Click Here North Star Writers Group
Syndicated Content.
Eric Baerren
Lucia de Vernai
Herman Cain
Dan Calabrese
Alan Hurwitz
Paul Ibrahim
David Karki
Llewellyn King
Nancy Morgan
Nathaniel Shockey
Stephen Silver
Candace Talmadge
Jessica Vozel
Feature Page
David J. Pollay - The Happiness Answer
Cindy Droog - The Working Mom
The Laughing Chef
Mike Ball - What I've Learned So Far
Bob Batz - Senior Moments
D.F. Krause - Business Ridiculous
Roger Mursick - Twisted Ironies
The Laughing Chef
  The Laughing Chef's Column Archive

April 2, 2007

The Case of the Leek


Among the pulses, perhaps the most unimposing is the little lentil. It gives the impression that when food chats, the lentil has a hard time getting a word in edgewise.


No one will perhaps ever know if this is true, but we can take some of this and apply it when we choose to make the lentil the focus of a meal.


It is small, which means you will need many to do the work of fewer dried beans of bigger size. There is also a shorter cooking time, perhaps half an hour from start to finish.


We might be left to our surmises when it comes to inner-pulse politics, but we can be certain of one thing – the lentil gets on well with rice. Whether this is a function of similar size or similar color is a matter of conjecture.


The two are cooked in largely the same way. Add them to water, heat the water to boiling and turn down the heat until the contents of the pot are cooked. But, while it takes perhaps 45 minutes to cook brown rice, it takes maybe 20 minutes to cook brown lentils (a warning – overcooking will cause brown lentils to fall into mushiness).


If you were to mix brown lentils and brown rice, you might be tempted to call your dish “The Man in Drab” (a warning – to do this is to risk incurring the wrath of Johnny Cash’s spirit). It would not only be unappealing to the eye, it would be nearly devoid of flavor. Some people might enjoy lentils and rice with nothing else. If you know someone like this and they invite you over, feign illness. You will be asleep on their couches within 20 minutes of arriving.


A good sauce is a simple mix of leek and tomato.


Because the leek is a bigger, sweeter cousin of the green onion, it is possible that for flavor purposes you may indeed feel free to substitute in any number of ways – from green onions, to shallots, to regular onions. You’ve stumbled into a hornet’s nest of flexibility. If you aren’t a fan of the leek, or are otherwise unfamiliar with its ways and are nervous about treading across new ground, allow yourself to be stung (repeatedly, if necessary).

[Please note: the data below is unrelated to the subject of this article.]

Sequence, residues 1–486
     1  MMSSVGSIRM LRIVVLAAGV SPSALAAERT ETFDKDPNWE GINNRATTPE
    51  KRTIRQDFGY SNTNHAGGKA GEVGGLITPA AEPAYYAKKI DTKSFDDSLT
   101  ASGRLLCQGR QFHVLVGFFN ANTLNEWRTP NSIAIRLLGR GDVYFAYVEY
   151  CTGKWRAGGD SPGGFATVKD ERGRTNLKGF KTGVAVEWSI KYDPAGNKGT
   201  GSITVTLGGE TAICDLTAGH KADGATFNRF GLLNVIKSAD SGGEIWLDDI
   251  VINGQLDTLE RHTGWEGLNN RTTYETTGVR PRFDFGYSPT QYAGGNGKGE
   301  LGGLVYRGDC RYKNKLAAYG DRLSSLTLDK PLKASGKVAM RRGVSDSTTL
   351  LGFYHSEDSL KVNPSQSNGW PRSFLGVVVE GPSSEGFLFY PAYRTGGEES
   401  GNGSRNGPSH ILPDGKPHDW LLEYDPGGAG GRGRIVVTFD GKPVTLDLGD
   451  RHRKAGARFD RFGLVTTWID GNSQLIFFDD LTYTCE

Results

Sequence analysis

Your first step is to unlock the leek’s sweeter, milder flavor. This is done in ways that are so predictable that you should be worried if you didn’t see them coming.


Chop off the green stem and root structures and cut it in half lengthwise. Slice across the grain into thin strips. Meanwhile, heat olive oil and garlic and add the sliced leek. While you sauté this over a gentle heat, cut up tomatoes and add those when the leek is softened.


Perhaps you are now saying, “That’s all? What kind of fraud calls that a sauce?”


If this is indeed what you are saying, you are invited to calm down. Hysterics get you nowhere. But it does raise a problem. Leeks and tomatoes, by themselves, do little to change the basic flavor of this dish. Settling for half measures, successful in other endeavors (raising a child, fixing an aircraft, balancing a budget), will raise the question of why you bothered.


To the tomatoes and leeks, we commend some spices – curry powder and hot paprika. Of the herbs, parsley is a good accompaniment (as it is elsewhere, no herb is perhaps as genial and as easy to get along with as our old friend parsley), as is judicious use of cilantro. On the latter, be forewarned – it can be an obnoxious, overbearing brute.


Allow your sauce to blend over a low heat for a few moments, until such time as the tomato juice cooks down. This will give the various members of your little orchestra time to compare notes and strike harmony.


While you do this, measure out equal parts brown lentils and brown rice. Stir them together, and contemplate the visuals of what you have created. It looks unappetizing and unfriendly. It is a reminder of just why you have spent time cooking together leeks and tomatoes and other stuff.


Improve its appearance by adding your sauce. The instant addition of reddish and white to green and olive drab will make it more appealing to the eyes. Here, a piece of last-second inspiration. Squeezing lemon juice over it won’t improve the visual qualities, but it will add a certain citrus-y oomph.


To offer feedback on this column, click here.


© 2007 North Star Writers Group. May not be republished without permission.


Click here to talk to our writers and editors about this column and others in our discussion forum.


To e-mail feedback about this column, click here. If you enjoy this writer's work, please contact your local newspapers editors and ask them to carry it.

This is Column # EB026. Request permission to publish here.